CARSON CITY, Nev. (AP) — Almost five years after Nevada legalized recreational marijuana sales, state lawmakers are close to approving pot lounges where people could consume it.
A bill that passed the state Assembly on Thursday and is pending in the Senate would legalize consumption of cannabis in places other than on private property.
Action on the proposed law comes ahead of a deadline: A 2019 moratorium preventing local governments from going ahead and licensing lounges expires June 30.
“If the state (doesn’t) take some action, I think we would potentially have a situation where different local governments are operating under different rules,” Assemblyman Steve Yeager, D-Las Vegas, told the Las Vegas Sun.
The state would not be able to regulate lounges or collect licensing and application fees.
This is the third legislative session that Democratic lawmakers have tried to legalize consumption lounges.
Nevada law allows legal marijuana, both recreational and medical, to be consumed only in a private residence. It is not legal for visitors to smoke, eat or consume cannabis inside any of Las Vegas’ nearly 150,000 hotel rooms.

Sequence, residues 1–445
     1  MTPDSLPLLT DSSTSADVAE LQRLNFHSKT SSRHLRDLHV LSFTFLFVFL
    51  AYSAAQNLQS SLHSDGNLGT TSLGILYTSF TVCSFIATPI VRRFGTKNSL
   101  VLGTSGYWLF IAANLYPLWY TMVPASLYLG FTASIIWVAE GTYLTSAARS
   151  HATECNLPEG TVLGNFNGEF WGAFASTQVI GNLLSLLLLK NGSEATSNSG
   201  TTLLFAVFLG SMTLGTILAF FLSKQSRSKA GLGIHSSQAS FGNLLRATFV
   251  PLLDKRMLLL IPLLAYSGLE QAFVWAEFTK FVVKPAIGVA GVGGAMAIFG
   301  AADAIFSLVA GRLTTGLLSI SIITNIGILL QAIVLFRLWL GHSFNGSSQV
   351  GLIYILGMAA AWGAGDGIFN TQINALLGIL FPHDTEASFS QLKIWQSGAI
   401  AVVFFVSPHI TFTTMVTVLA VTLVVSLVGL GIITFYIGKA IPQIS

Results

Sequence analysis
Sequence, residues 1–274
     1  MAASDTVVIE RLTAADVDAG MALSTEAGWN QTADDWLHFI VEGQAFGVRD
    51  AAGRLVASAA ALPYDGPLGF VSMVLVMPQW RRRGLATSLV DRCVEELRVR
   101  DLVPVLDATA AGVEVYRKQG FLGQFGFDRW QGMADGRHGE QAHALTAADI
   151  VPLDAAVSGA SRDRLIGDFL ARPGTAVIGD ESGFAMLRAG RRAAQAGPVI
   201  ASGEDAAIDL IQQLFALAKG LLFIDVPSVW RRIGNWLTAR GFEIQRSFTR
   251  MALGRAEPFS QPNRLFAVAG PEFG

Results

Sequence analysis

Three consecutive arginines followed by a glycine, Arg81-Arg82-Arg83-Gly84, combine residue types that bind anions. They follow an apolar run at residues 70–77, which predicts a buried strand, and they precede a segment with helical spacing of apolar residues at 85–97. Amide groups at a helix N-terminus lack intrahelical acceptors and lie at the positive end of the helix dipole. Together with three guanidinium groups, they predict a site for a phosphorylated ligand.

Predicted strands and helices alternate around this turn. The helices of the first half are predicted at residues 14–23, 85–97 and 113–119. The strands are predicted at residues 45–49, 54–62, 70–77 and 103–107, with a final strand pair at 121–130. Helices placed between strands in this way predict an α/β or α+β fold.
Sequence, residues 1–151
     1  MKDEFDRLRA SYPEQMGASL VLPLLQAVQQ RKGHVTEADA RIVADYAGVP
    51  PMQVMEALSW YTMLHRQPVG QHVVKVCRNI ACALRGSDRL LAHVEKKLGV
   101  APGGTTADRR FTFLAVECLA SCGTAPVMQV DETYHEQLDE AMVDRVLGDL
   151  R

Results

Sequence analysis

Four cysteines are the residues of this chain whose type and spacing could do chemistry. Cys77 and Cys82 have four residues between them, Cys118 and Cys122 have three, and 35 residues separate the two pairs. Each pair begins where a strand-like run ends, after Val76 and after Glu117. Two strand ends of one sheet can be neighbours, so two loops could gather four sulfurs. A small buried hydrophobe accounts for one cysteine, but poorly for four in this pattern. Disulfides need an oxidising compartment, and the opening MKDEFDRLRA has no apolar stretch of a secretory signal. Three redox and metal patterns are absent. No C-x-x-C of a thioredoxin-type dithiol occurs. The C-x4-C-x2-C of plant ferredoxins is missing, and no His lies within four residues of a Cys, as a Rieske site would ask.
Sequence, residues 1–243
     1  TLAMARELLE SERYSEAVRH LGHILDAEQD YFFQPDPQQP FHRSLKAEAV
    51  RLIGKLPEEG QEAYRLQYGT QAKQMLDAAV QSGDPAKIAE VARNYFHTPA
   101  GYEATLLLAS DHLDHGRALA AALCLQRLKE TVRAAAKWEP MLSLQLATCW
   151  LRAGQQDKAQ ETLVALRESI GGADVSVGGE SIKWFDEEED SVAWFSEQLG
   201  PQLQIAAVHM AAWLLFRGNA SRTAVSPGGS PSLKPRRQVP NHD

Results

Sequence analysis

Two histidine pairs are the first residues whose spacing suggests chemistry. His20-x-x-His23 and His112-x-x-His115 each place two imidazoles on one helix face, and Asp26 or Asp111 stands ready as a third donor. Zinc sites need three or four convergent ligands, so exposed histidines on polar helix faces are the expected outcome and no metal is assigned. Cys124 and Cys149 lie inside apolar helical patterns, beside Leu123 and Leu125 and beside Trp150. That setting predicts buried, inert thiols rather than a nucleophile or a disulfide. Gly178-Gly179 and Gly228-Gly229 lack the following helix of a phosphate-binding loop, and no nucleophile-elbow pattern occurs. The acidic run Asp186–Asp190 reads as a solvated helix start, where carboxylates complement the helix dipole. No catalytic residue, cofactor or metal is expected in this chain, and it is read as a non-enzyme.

The measure would give tourists a place to consume cannabis while providing an economic boost for dispensaries, said Layke Martin, executive director of the Nevada Dispensary Association, which supports the bill.
Under the bill, the state Cannabis Compliance Board would regulate consumption lounges statewide. Different types of licenses would be issued for sites attached to dispensaries or to stand-alone lounges selling single-use products for consumption on-site.
Alcohol could not be served in any consumption lounge, and pot lounges would not be allowed in casinos.
Nevada voters approved the recreational sale and use of marijuana for adults in 2016 and the first licensed retail pot shops opened in July 2017.
Clark County Commissioner Tick Segerblom, then a Democratic state senator, led an effort that year to legalize consumption lounges. It died in the Legislature.
Segerblom termed marijuana a “social drug” that people want to consume with friends, and told the Sun it is hypocritical to advertise Nevada as a marijuana destination without creating legal places for tourists to consume it.